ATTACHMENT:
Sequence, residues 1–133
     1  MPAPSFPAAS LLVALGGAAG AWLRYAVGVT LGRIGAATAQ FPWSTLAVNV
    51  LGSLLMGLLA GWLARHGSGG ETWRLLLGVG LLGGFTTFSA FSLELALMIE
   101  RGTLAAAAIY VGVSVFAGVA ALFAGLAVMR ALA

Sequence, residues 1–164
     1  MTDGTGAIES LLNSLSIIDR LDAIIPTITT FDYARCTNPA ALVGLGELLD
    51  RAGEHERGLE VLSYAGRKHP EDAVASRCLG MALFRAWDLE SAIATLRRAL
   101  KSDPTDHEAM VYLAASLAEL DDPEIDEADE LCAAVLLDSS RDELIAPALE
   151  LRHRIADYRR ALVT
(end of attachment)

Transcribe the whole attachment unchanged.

Sequence, residues 1–133
     1  MPAPSFPAAS LLVALGGAAG AWLRYAVGVT LGRIGAATAQ FPWSTLAVNV
    51  LGSLLMGLLA GWLARHGSGG ETWRLLLGVG LLGGFTTFSA FSLELALMIE
   101  RGTLAAAAIY VGVSVFAGVA ALFAGLAVMR ALA

Sequence, residues 1–164
     1  MTDGTGAIES LLNSLSIIDR LDAIIPTITT FDYARCTNPA ALVGLGELLD
    51  RAGEHERGLE VLSYAGRKHP EDAVASRCLG MALFRAWDLE SAIATLRRAL
   101  KSDPTDHEAM VYLAASLAEL DDPEIDEADE LCAAVLLDSS RDELIAPALE
   151  LRHRIADYRR ALVT